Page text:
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Time Brings Perspective For Scott Rowe

Scott Rowe has a prominent reminder of the last time we chatted.

“I have the article hanging on my wall,” Rowe said.


On April 25, 2001, I wrote a piece in the Chicago Tribune about Rowe’s decision to give up a career in professional golf abruptly at the age of 26. Unlike other would-be struggling young players, Rowe actually had some success. The Northwestern grad won a tournament on the Asian Tour (earning $42,000 in $100 bills) and earned his card for the European Tour the 2000 season.

Rowe seemed to be one breakthrough tournament from making it big.

“Scott was a lottery pick if he were a basketball player,” former Northwestern coach Jeff Mory once said of him.

Rowe, though, decided the lifestyle of endless travel and pressure wasn’t for him and walked away.

“I thought professional golf would be my life,” said Rowe back in 2001. “I found out I love the game, but I don’t love the life.”

Flash forward to 2012, and the U.S. Mid-Amateur, which began Saturday at Conway Farms. The field of 264 players included: Scott Rowe, Hinsdale, Ill.

After more than 11 years, I checked back in with Rowe to see how his life is panning out and if he ever had regrets about his fateful decision in 2001. The bottom line, he said, is that he is where he wants to be, but the journey had plenty of bumps along the way.

“I finally got things figured out,” Rowe said.

Rowe, 37, and his wife, Ashley, have two children: Aiden, 8, and Parker, 2. He works for Ernst & Young as the business development leader for the transactions group.

And Rowe is playing golf competitively. He regained his amateur status in 2004 and plays in a handful of tournaments, including the prestigious Crump Cup at Pine Valley, where he lost in the final in 2010.

Rowe still is serious about the game. He keeps detailed statistics, and the numbers tell him to work on his short game. Often, he practices with only his wedges and putter.

Golf, though, hardly rules his life. He ranks the game fourth on his life’s priority list behind family, career and friends.

“I probably love golf even more,” said Rowe, a member at Chicago Highlands in Westchester. “I play a lot of talented people who are at similar stages in life. It’s good golf, but it’s not like my life is dependent on golf.”

Rowe reflects back when golf was No. 1, at least as far as his career was concerned. During his three years as a pro, he played on every continent but Antarctica.

“Somebody would ask me on a plane, `What do you do?’ I’d say I was a pro golfer,” Rowe said. “They’d get this glazed look on their face. They’d say, `Wow, you’re so lucky.’ I’d tell them, `No, it’s not that way.’ ”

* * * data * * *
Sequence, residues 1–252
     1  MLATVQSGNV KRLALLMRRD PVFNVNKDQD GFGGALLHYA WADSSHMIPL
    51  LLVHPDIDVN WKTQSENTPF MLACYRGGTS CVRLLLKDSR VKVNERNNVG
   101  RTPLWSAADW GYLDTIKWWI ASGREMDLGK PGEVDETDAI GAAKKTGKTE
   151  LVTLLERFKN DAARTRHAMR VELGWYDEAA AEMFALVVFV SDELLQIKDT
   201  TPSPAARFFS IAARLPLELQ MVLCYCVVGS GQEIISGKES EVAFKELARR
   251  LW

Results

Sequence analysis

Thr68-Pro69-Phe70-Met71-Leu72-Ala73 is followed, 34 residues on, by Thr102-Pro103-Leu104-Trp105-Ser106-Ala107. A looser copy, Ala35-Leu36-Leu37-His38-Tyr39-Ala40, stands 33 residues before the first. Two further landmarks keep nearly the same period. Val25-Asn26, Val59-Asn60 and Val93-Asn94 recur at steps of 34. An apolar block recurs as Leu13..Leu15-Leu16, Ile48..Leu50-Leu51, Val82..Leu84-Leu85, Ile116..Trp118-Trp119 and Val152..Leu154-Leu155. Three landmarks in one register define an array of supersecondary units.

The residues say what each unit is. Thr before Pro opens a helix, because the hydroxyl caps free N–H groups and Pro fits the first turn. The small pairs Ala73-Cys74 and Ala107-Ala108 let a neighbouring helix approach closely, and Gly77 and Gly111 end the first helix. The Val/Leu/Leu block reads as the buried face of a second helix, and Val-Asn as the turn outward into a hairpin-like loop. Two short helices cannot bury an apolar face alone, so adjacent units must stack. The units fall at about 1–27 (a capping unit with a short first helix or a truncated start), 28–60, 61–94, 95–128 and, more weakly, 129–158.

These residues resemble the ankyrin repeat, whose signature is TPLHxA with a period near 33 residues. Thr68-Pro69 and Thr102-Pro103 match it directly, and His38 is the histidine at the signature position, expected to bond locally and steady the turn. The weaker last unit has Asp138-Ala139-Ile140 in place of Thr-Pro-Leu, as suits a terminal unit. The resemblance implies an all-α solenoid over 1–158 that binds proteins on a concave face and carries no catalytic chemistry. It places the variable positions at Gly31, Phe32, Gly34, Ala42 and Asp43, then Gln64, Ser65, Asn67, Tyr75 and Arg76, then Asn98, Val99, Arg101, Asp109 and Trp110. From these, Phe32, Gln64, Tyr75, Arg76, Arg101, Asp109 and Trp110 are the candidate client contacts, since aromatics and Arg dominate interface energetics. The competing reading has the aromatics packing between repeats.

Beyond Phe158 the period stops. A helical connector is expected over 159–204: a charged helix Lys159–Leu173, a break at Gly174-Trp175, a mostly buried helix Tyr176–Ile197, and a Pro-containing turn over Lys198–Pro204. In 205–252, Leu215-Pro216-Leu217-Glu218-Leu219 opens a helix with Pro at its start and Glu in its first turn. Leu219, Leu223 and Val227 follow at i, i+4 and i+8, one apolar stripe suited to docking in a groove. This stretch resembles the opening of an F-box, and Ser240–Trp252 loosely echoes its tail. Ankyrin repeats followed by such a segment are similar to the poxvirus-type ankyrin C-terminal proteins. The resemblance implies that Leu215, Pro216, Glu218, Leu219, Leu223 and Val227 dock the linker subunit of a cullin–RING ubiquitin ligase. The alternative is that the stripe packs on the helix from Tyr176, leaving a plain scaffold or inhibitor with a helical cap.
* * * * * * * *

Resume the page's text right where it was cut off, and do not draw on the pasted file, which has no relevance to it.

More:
The low point happened while Rowe was sitting in a hotel room in The Hague in 2000. Alone, and down after missing two or three cuts, the realization finally hit him. He didn’t want the life of a pro.

Looking back, Rowe says it was the right decision.

“There are nights now when I work late,” Rowe said. “But I’m still there to see my kids the next morning. I wouldn’t trade that for anything.”

Professionally, though, it hasn’t been easy. He lost his job in a private equity firm when the economy crashed in 2009. He was out of work for six months. He even started thinking about giving PGA Tour Q-School a try if he couldn’t find a position.

“I was lost,” Rowe said. “I couldn’t find the right fit. It wasn’t just golf. I couldn’t find my thing.”

Then Rowe landed at Ernst & Young, where he’s been for the past 18 months. He said he couldn’t be happier. So much in fact, that Rowe insists he wouldn’t want to trade places with another former Northwestern player, Luke Donald.

“Nobody believes me when I say it, but it’s true,” Rowe said. “You know the old saying, ‘A bad day on the golf course still is better than a good day in the office.’ Hell no, not for me. A great day at the office is so much more satisfying for me.”

Rowe still has goals in golf. He would like to qualify for a U.S. Open so his sons could see him play on the big stage.

Rowe, though, isn’t going to be upset if it doesn’t happen. He even took a low-key approach going into the U.S. Mid-Am.

“If I shoot 80-80 (in the stroke-play qualifying rounds for match play), it doesn’t matter,” he said. “It’s not going to affect my life.”

His scores actually wound up 77-75, still on the far side of the cut line.

It’s all about perspective, Rowe said. He talked about his relationship to the game. I mentioned to him that while we love golf, golf doesn’t always love us back.

Rowe thought for a moment. Then he clarified what loving golf means to him now.
“When it’s Thursday afternoon at 6, and I’m teeing it up with my son,” Rowe said. “That’s golf loving me back.”

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